Year Published: 2014
Type: Document : Conference Proceedings
Widespread tree mortality caused by outbreaks of native bark beetles (Circulionidae: Scolytinae) in recent decades has raised concern among scientists and forest managers about whether beetle outbreaks fuel more ecologically severe forest fires and impair postfire resilience. To investigate this question, we collected extensive...
Author(s): Brian J. Harvey, Daniel C. Donato, Monica G. Turner
Year Published: 2014
Type: Document : Book or Chapter or Journal Article
Freshwater ecosystems are warming globally from the direct effects of climate change on air temperature and hydrology and the indirect effects on near-stream vegetation. In fire-prone landscapes, vegetative change may be especially rapid and cause significant local stream temperature increases but the importance of these increases...
Author(s): Lisa M. Holsinger, Robert E. Keane, Daniel J. Isaak, Lisa A. Eby, Michael K. Young
Year Published: 2014
Type: Document : Book or Chapter or Journal Article
Changes in the properties of an ash layer with time may affect the amount of post-fire runoff, particularly by the formation of ash surface crusts. The formation of depositional crusts by ash have been observed at the pore and plot scales, but the causes and temporal evolution of ash layers and associated crusts have not yet been...
Author(s): Victoria N. Balfour, Stefan H. Doerr, Peter R. Robichaud
Year Published: 2014
Type: Document : Book or Chapter or Journal Article
This FEIS species review synthesizes information on the relationship of Eriophorum viridicarinatum (green-keeled cottongrass) to fire--how fire affects the species and its habitat, effects of the species on fuels and fire regimes, and fire management considerations. Information is also provided on the species' taxonomy, distribution...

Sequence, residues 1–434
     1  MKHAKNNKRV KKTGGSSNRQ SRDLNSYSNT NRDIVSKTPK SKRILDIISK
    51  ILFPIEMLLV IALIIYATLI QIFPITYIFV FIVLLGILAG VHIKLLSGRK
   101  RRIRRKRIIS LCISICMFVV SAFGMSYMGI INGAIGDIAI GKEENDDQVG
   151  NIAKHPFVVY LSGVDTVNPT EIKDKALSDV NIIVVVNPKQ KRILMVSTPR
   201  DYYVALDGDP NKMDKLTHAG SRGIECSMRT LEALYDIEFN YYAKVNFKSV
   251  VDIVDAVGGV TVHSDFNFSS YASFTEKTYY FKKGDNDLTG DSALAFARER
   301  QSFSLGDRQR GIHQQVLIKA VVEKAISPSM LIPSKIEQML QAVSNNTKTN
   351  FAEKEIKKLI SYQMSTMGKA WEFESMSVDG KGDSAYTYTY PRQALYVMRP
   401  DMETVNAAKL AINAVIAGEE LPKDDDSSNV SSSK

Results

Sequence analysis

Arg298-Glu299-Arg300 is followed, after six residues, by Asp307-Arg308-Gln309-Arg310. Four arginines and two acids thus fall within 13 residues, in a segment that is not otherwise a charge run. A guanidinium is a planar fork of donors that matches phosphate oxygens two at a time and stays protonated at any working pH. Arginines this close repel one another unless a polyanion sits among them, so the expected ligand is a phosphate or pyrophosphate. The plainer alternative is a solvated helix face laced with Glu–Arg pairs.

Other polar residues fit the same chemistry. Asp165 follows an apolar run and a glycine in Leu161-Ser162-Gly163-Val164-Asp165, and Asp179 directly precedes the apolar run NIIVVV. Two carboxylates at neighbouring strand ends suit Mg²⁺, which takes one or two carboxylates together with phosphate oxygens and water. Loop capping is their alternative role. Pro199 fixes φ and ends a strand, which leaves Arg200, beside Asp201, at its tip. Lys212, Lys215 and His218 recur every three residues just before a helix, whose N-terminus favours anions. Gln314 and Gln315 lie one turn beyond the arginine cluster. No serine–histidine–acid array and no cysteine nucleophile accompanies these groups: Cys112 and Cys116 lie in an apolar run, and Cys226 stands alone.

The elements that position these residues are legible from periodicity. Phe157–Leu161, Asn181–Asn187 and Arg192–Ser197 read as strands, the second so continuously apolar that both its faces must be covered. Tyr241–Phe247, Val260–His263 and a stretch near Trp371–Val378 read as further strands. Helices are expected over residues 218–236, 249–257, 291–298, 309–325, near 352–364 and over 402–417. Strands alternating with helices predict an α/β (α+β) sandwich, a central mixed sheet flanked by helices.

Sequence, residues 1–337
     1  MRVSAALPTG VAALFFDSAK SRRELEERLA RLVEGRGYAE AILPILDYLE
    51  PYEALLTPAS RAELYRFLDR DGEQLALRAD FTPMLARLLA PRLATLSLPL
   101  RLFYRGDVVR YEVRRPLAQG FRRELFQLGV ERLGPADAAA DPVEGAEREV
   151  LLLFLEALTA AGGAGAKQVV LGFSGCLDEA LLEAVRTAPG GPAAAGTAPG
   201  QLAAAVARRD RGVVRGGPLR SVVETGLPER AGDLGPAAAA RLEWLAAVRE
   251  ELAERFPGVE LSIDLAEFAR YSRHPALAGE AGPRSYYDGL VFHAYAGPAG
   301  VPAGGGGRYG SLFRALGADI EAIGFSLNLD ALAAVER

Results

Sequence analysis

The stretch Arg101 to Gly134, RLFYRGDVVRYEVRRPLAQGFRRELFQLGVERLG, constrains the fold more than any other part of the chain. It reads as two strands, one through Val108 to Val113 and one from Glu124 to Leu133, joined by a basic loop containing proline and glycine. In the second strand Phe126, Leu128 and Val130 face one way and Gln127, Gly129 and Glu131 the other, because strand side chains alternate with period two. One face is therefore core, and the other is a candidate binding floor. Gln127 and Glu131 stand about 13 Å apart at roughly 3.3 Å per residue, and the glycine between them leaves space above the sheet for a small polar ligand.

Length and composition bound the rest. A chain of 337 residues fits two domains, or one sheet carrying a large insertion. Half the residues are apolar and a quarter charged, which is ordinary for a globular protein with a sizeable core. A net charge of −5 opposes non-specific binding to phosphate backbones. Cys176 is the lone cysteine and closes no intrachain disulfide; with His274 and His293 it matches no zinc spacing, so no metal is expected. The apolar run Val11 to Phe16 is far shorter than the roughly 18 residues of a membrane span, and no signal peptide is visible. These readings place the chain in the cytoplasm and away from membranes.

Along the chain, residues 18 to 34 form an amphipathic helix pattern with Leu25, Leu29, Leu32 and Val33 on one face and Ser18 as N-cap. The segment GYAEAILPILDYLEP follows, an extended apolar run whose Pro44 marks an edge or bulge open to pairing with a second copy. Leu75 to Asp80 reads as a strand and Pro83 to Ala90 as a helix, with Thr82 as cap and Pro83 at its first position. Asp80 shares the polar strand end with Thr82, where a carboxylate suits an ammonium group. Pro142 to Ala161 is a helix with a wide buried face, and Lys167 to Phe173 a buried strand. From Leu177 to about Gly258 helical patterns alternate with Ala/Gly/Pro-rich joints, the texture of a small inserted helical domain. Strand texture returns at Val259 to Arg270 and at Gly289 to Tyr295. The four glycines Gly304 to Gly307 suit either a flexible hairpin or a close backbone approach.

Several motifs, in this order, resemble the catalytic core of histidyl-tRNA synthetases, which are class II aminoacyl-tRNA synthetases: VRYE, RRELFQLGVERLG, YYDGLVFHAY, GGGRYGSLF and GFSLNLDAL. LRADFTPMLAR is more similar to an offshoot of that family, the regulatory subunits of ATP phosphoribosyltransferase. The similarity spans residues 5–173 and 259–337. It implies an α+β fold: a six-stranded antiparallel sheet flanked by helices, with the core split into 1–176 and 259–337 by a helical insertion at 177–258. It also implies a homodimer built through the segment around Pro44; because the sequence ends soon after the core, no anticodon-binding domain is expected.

Author(s): Robin J. Innes
Year Published: 2013
Type: Document : Synthesis
The transformation of fuels resulting from the mountain pine beetle epidemic is unprecedented in its large geographic extent and the rapid pace of the transformation. This paper describes a proposed fire risk and hazard characterization system, as well as methodology for locating certain stand types on the landscape.
Author(s): Robert W. Gray
Year Published: 2013
Type: Document : Book or Chapter or Journal Article
The Western Mountain Initiative (WMI), a consortium of research groups in the Western United States, focuses on understanding and predicting responses-especially sensitivities, thresholds, resistance, and resilience-of mountain ecosystems to climatic variability and change (Peterson et al. 2012). The WMI addresses how climatic...
Author(s): Crystal L. Raymond
Year Published: 2013
Type: Document : Synthesis, Technical Report or White Paper

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XLSResearch and Publications Database

These resources are compiled in partnership with the Joint Fire Science Program (JFSP), Fire Research and Management Exchange System (FRAMES), and Fire Effects Information System (FEIS).